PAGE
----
This guide is for financial advisers only. It must not be distributed to, or relied on by, customers. The information on this page is based on our understanding of legislation as at 6 April 2024.

This article gives information about paying pensions from UK registered pension schemes to individuals who are living outside the UK, either at the time the pension comes into payment or when they later move abroad. Reference to pensions in this article include payments of secured pensions (both lifetime annuities and scheme pensions), income from drawdown arrangements and taxable lump sums, as the same issues will apply to each with regard to payment options and taxation.

How benefits are paid to an individual living abroad will depend on the scheme rules and/or provider. The following options may be available:

  • payments are made to a UK bank account that the individual still holds.
  • payments are sent by cheque to the individual’s home address in their country of residence.
  • payments are made directly from the UK to a bank account in the individual’s country of residence. Note – there is a system in place to help speed up international payments using International Bank Account Numbers (IBAN), Society for Worldwide Interbank Financial Telecommunication codes (SWIFT) and Bank Identifier Codes (BIC). This is an internationally agreed method for transactions between banks located in different countries. It was originally introduced within the European Union but has since spread to other countries. However, not all countries currently use it.

With all of these options, tax rates, exchange rates and bank transaction costs will affect the amount of money the individual actually receives.

The majority of pensions paid in the UK are taxed in the same way as earned income which means that they are paid and taxed under the PAYE system. The correct amount of tax is deducted from each payment, taking into account the individual’s tax code. When an individual moves abroad they are likely to become non-UK resident and a non-UK taxpayer. However, they may become liable for tax in the country in which they now live. As a result, they could end up paying tax twice on their pension payments – when the UK provider processes the payment, then again on receipt in the country they live in. However, many individuals may be able to avoid paying double tax in full or to a certain extent, in the following circumstances:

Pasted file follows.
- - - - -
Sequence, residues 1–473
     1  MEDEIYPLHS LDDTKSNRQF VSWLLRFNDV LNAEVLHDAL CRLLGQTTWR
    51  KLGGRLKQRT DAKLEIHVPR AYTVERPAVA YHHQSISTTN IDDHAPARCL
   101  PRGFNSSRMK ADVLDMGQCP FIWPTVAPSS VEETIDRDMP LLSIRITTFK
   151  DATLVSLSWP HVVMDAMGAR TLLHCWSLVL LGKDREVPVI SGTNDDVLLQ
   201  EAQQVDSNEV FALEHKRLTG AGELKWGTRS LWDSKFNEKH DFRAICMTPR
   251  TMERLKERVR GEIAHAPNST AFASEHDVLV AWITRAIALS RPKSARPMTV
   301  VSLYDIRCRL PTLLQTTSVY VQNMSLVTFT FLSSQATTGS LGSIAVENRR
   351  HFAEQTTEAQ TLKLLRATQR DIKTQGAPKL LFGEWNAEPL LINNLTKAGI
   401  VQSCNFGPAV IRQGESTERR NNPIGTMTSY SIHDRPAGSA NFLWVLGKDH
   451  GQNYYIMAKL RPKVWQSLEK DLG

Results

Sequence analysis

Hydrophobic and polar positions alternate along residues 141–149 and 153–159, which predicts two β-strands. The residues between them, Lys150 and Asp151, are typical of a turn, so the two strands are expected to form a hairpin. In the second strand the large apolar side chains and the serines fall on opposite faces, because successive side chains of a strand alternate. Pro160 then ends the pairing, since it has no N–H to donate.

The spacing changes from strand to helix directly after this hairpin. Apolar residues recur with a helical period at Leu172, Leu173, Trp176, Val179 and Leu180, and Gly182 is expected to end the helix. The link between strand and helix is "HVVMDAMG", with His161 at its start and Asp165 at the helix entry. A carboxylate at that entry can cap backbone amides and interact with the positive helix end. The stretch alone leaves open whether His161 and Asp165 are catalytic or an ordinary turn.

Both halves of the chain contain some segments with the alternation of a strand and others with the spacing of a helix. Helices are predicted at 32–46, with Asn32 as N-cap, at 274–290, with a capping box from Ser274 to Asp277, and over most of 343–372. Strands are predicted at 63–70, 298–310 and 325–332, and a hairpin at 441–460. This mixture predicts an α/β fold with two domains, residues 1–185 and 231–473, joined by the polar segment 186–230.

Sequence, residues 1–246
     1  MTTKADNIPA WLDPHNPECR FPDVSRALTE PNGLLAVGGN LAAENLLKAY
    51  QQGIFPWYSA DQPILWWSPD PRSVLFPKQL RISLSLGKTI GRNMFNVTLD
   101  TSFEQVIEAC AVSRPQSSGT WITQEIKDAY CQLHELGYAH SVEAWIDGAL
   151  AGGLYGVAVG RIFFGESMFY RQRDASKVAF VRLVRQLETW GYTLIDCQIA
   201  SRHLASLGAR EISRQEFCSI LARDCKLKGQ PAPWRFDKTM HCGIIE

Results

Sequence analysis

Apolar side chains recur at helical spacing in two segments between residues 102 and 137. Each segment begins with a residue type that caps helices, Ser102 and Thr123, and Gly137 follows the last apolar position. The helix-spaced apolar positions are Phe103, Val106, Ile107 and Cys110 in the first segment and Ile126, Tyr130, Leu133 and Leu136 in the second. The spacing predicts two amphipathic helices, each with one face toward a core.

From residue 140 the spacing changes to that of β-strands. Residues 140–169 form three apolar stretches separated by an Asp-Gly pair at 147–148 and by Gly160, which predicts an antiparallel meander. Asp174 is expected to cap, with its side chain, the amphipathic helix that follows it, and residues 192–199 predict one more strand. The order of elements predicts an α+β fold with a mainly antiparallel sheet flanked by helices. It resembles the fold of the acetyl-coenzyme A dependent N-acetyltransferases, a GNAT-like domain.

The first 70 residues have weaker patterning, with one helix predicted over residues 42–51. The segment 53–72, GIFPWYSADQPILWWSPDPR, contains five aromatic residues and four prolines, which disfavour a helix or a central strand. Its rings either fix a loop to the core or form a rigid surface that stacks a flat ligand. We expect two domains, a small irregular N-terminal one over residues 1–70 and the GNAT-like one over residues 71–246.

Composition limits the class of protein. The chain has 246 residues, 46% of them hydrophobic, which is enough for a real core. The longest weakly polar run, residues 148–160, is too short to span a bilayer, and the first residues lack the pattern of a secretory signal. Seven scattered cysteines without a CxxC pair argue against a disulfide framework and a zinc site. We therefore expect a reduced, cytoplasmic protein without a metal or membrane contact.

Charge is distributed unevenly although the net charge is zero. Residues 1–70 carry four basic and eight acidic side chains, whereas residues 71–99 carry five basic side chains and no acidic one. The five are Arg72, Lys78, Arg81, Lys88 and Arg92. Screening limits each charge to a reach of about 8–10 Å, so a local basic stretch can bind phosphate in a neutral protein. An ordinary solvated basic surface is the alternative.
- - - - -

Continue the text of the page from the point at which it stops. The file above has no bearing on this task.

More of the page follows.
• if the individual is living in a country with which the UK has a double taxation agreement, and the agreement exempts UK pensions from some, or all, UK tax then they can contact HM Revenue & Customs (HMRC) to arrange for payments to be made either without tax deducted, or with tax deducted at a reduced rate. This could mean that the payments would only be taxed once, on receipt in their country of residence. The UK has double taxation agreements with many countries and a list of them is held in the Digest of Double Taxation Treaties document. To check the position for a particular country, find it in the digest then read the information under the ‘Other pensions/annuities’ column. 
  • if the individual is living in a country with which the UK doesn’t have a full double taxation agreement, they may be able to claim UK personal allowances which can reduce the amount of tax due to be paid. You can read more information on the Government website. HMRC form R43 is available for this purpose. The form, and more information on how to make a claim, can be found at: R43 - form and guidance.

Any lump sums paid tax free from a UK pension scheme may be taxed in the individual’s country of residence if they are resident abroad at the time of receipt. 

An individual or their adviser should complete a claim form and have it approved by the tax authorities in the country where they live before sending it to HMRC. On receipt of the form, HMRC will then instruct the UK pension provider to make gross payments or to apply a reduced tax rate. If this is not organised before any taxable payments are made, it is possible for an individual to claim a refund of any overpaid tax.

Separate claim forms are available for residents of all countries with which the UK has a comprehensive double taxation agreement. If the country of residence isn’t one of these then a standard claim form should be used. All the claim forms can be accessed in the section headed ‘How to claim tax relief’ at:

There are tax considerations for individuals living overseas who want to bring UK retirement benefits into payment. Anyone in this position may want to seek financial advice before drawing their benefits to make sure they’re taken in the most tax-efficient way and that any available reliefs or exemptions are obtained.